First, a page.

How Do We Make Choices in Salvage Therapy: Panitumumab, Cetuximab, or Regorafenib?
Colorectal cancer is the fourth commonest cancer worldwide. The survival rate is suboptimal for patients with metastatic disease. The introduction of anti-epidermal growth factor receptor (EGFR) antibodies has remarkably improved clinical outcomes. Two monoclonal antibodies targeting EGFR and one multikinase inhibitor have been approved by the FDA and Health Canada for the treatment of metastatic colorectal cancer; however, only about 10 % of patients respond to this treatment. Having wild-type KRAS is necessary but not sufficient to derive benefit from EGFR inhibition. Interestingly, patients with certain mutations such as p.G13D represent a cetuximab-sensitive subtype of KRAS mutant metastatic colorectal cancer. A few biomarkers have been identified, but we still do not know the best way to administer drugs. In this article we review the clinical data and expert opinions and summarize the recommendations.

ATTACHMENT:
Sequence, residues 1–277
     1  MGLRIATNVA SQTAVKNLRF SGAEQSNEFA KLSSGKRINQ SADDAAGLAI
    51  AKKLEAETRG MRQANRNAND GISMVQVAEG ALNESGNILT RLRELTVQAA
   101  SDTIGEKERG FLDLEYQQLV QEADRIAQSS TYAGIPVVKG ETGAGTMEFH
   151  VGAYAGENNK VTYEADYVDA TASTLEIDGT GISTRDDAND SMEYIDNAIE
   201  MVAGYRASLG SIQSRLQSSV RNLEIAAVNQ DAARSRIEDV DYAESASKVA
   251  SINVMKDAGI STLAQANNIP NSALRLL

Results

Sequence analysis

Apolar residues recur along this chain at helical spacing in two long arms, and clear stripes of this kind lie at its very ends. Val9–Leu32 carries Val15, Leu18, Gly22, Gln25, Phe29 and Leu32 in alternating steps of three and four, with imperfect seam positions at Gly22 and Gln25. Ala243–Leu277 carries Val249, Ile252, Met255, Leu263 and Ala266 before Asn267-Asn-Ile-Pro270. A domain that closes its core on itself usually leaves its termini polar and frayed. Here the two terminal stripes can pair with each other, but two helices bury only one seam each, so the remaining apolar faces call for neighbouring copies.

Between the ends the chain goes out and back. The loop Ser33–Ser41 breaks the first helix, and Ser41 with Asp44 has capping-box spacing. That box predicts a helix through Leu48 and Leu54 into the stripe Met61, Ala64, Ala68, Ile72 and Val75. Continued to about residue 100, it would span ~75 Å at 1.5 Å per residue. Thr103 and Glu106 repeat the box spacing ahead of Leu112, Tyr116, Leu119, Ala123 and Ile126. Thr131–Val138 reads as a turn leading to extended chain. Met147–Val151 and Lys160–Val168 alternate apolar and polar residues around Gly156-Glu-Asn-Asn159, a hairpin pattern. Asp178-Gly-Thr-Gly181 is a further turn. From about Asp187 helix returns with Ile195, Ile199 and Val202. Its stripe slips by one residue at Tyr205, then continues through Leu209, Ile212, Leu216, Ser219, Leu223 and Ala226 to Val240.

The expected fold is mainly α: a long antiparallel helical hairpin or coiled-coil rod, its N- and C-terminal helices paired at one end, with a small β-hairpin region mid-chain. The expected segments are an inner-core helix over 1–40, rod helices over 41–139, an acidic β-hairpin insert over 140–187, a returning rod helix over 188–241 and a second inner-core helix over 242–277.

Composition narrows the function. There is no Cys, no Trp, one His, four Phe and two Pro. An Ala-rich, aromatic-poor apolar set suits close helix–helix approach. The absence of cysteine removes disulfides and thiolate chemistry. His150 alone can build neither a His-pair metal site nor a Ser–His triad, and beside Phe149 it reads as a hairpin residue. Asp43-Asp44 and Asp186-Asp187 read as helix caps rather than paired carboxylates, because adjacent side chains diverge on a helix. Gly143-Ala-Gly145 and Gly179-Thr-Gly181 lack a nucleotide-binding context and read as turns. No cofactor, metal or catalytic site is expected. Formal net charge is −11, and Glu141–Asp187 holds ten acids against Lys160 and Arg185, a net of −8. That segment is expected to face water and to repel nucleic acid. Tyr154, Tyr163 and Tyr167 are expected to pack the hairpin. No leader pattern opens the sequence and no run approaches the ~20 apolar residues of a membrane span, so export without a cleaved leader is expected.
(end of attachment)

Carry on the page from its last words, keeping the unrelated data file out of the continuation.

KeywordsColorectal cancer KRAS BRAF Cetuximab Panitumumab Regorafenib Anti-epidermal growth factor receptor therapy
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Conflict of Interest
Elena Tsvetkova declares that she has no conflict of interest.
Timothy R. Asmis has received compensation for service as a consultant from Bristol-Myers Squibb and Amgen, is supported by grants from Bristol-Myers Squibb, Amgen, and Bayer, has received payment for lectures, including service on speakers bureaus, from Bristol-Myers Squibb, and currently holds stock in Amgen.
Human and Animal Rights and Informed Consent
This article does not contain any studies with human or animal subjects performed by any of the authors.
Papers of particular interest, published recently, have been highlighted as: • Of importance •• Of major importance
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